Dow, S&P little changed as job growth slows in May

Jon Howard
June 3, 2017

Stocks ended the week at record highs, and once again we're at a loss to explain why.

All 11 sectors in the S&P 500 gained, and the Dow Jones Industrial Average rose to its first record since March 1.

The Nasdaq composite added 58.97, or 0.9 percent, to 6,305.80. Analysts expected about 185,000 jobs to be added in May.

Gold prices rose in the wake of the jobs data ( The three indexes were on track to close at new records after touching intraday highs earlier. Additionally, the benign inflationary environment tugged the yield on the 10-year Treasury note to its lowest level in more than seven months.

The Dow Jones Industrial Average and S&P 500 were little changed after data showed job growth slowed in May, suggesting that a bounce in the labor market was losing steam.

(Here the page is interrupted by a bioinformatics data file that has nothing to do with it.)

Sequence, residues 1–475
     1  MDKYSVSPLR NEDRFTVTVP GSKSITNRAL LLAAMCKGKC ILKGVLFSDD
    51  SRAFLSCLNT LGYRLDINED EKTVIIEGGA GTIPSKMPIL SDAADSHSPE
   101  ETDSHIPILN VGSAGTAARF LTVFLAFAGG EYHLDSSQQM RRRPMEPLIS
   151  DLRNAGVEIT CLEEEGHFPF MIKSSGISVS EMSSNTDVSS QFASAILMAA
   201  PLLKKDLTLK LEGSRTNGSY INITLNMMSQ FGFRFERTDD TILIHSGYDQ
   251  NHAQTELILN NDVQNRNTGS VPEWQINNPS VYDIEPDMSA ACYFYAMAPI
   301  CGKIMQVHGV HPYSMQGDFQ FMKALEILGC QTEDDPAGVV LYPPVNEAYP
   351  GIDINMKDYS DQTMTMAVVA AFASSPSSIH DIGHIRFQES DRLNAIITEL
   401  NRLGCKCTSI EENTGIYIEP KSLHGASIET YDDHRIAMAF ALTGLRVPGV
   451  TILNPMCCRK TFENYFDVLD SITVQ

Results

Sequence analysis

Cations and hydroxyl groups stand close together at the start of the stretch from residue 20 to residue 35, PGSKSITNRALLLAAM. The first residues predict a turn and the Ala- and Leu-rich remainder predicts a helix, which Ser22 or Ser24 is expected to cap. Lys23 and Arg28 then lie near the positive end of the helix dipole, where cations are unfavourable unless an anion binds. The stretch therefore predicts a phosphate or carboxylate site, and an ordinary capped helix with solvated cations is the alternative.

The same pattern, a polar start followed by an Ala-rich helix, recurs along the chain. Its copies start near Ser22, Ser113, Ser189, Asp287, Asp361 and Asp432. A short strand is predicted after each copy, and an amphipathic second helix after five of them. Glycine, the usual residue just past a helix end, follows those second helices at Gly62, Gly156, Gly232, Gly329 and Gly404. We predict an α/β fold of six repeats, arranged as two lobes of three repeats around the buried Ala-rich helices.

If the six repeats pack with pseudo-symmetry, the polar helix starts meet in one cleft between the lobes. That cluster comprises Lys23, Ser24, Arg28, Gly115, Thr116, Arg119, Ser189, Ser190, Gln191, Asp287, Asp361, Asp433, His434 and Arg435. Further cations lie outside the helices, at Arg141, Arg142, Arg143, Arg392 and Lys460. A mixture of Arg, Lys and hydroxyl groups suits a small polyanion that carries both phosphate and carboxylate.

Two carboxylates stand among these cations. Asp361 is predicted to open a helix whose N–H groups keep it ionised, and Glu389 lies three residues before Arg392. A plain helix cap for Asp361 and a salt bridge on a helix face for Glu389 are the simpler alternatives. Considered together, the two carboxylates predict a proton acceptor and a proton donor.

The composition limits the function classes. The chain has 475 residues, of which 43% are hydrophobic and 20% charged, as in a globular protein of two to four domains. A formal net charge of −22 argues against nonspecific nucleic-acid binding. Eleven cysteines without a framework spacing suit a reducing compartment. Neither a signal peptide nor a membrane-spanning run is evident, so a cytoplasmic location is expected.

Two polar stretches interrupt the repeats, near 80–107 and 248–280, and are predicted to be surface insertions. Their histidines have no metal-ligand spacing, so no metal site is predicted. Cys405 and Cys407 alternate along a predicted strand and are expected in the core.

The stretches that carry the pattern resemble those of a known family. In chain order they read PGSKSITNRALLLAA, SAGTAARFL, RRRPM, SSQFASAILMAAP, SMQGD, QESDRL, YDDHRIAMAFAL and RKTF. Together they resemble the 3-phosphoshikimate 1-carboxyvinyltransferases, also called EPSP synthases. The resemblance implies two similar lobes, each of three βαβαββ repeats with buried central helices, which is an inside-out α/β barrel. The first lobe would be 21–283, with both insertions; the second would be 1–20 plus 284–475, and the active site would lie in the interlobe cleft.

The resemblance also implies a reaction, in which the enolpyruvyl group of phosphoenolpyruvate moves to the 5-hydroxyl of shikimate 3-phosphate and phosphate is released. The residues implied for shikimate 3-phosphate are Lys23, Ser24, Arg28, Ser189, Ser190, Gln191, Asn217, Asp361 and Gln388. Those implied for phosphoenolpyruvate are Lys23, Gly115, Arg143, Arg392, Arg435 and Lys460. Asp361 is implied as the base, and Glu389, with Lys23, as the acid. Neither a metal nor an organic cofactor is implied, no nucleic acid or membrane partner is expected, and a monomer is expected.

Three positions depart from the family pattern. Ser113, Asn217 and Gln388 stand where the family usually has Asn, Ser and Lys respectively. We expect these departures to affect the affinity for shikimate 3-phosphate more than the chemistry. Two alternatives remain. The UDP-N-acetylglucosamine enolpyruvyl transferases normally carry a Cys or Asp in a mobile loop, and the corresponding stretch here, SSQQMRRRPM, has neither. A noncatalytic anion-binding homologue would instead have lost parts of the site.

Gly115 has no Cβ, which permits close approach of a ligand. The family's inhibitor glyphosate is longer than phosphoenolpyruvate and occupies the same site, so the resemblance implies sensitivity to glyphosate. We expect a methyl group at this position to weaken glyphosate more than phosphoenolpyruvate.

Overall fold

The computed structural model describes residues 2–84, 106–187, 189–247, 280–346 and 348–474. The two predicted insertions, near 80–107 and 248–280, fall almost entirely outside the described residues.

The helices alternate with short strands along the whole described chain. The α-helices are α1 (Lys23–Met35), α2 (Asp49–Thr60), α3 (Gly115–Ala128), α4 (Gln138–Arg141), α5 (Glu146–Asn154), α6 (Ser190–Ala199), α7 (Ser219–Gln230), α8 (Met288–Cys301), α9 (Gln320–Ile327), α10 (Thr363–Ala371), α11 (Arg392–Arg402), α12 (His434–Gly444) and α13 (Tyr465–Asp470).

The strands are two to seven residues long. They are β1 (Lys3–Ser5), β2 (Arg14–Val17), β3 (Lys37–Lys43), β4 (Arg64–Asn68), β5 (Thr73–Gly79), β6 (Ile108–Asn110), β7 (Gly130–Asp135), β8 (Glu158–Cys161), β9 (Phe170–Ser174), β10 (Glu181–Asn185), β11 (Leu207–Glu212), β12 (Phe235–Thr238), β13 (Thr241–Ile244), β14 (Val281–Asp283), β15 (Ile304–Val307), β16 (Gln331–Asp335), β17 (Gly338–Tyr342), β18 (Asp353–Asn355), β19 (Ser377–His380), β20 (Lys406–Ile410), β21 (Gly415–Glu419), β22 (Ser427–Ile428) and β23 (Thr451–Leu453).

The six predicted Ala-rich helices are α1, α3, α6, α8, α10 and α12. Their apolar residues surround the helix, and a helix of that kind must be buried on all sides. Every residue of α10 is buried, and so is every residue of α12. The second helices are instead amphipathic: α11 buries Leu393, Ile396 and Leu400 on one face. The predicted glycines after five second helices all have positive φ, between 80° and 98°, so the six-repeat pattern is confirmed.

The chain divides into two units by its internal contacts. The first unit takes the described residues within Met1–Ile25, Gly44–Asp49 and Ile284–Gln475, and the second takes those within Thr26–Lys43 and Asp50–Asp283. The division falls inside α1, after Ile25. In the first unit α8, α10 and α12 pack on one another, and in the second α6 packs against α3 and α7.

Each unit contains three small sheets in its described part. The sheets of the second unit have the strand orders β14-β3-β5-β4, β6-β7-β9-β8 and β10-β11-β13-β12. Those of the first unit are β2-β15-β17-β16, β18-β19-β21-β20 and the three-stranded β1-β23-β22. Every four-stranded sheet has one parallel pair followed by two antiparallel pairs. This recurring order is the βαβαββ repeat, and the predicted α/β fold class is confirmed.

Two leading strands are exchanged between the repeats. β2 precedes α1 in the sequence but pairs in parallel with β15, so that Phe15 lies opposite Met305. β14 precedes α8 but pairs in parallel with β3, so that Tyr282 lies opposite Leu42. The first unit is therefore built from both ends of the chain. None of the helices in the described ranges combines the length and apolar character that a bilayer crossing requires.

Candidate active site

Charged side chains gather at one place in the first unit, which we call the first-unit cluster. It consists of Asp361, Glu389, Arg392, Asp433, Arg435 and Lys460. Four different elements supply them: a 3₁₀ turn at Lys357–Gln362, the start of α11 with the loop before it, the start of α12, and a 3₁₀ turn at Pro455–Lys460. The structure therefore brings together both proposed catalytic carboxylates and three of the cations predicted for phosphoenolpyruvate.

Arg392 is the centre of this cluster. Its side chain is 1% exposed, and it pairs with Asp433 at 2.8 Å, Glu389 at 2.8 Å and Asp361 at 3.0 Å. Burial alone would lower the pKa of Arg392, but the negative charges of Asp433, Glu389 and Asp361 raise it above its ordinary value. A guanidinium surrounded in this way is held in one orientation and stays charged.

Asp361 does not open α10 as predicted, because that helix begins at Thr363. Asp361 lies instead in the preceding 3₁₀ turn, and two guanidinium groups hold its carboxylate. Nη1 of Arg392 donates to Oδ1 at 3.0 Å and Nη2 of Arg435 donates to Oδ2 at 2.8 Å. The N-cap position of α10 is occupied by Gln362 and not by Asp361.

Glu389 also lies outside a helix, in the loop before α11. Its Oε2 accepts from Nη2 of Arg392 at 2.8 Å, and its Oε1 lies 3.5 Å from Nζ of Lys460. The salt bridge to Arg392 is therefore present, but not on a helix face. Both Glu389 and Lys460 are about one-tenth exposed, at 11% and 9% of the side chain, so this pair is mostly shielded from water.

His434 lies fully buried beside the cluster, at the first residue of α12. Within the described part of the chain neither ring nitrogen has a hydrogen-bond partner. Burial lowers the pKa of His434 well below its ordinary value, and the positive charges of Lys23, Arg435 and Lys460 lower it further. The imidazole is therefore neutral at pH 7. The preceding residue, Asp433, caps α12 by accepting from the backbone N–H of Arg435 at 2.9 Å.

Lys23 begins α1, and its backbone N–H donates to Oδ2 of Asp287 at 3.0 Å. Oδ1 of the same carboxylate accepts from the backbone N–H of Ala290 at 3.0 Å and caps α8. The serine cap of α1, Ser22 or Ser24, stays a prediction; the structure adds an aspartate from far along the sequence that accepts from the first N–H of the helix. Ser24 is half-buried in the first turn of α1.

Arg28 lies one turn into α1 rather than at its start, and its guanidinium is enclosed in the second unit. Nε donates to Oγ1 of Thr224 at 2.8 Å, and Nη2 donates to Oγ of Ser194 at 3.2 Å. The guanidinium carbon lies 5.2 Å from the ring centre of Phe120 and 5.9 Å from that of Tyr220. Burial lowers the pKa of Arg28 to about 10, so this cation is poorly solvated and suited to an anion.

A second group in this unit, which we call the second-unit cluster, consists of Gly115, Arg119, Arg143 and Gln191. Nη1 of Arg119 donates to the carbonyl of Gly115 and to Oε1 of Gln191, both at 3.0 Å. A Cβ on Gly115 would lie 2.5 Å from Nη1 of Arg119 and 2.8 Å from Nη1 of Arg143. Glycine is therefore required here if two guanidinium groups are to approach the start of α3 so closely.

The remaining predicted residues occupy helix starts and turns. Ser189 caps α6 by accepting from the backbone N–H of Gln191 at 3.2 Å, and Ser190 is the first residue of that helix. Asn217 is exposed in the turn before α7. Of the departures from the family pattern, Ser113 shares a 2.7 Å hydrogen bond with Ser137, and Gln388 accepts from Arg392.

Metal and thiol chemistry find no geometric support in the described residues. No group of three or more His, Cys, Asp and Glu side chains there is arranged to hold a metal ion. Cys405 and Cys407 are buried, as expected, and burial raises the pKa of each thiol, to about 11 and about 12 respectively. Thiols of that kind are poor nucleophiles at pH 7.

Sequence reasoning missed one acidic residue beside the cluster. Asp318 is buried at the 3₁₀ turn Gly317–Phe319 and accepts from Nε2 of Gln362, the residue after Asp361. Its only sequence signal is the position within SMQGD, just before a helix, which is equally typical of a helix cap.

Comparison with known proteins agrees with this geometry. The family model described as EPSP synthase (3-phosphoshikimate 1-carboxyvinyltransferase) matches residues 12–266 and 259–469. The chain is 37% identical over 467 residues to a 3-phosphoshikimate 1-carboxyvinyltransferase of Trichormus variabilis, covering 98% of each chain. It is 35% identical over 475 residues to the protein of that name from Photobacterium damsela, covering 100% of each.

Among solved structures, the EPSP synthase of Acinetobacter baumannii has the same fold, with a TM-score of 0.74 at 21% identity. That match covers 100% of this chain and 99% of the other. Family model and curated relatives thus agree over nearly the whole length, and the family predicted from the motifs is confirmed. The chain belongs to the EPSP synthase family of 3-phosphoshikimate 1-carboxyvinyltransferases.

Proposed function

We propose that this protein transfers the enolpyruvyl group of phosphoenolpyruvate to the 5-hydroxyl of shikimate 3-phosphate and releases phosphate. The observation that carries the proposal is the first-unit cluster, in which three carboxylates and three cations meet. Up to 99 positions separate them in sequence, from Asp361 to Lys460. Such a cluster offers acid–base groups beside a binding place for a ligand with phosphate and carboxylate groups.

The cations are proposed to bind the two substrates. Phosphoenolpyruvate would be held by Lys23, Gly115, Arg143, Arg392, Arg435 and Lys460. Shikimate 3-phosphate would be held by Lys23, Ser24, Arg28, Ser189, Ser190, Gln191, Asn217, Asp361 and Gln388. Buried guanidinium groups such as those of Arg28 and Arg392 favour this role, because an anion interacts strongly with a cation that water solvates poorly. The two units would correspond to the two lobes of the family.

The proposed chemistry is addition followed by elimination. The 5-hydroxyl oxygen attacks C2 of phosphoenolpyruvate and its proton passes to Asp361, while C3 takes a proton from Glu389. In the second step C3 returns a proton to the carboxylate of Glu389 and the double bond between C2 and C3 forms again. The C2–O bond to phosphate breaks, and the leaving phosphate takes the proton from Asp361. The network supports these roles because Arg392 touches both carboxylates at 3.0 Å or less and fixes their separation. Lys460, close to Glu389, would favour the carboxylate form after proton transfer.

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Dow industrials climbed to all-time highs on Friday, as investors shrugged off a much weaker than expected jobs report.

"The market is beginning to rethink the Fed's course and whether there will still be two interest rate increases by the end of the year, plus a reduction of the balance sheet", said Gregori Volokhine, president of Meeschaert Capital Markets. Technology stocks were also higher with the S&P 500 technology sector gaining 0.25%. Oil futures were crushed again on Friday after President Trump pulled the USA out of the Paris Accord, opening the door for increased oil and coal production.

A separate report showed that the number of workers filing for unemployment claims rose last week, which could be an indication that layoffs are on the rise. Its shares fell $1.29, or 6.9 percent, to $17.52. The euro fell to $1.1214 from $1.1246, and the British pound dipped to $1.2876 from $1.2892. Brent crude, used to price worldwide oils, slipped 14 cents to $50.62 per barrel.

Shares of banks such as Bank of America (BAC.N), JPMorgan (JPM.N), Citigroup (C.N) and Goldman Sachs (GS.N) fell between 0.6 percent and 1.3 percent.

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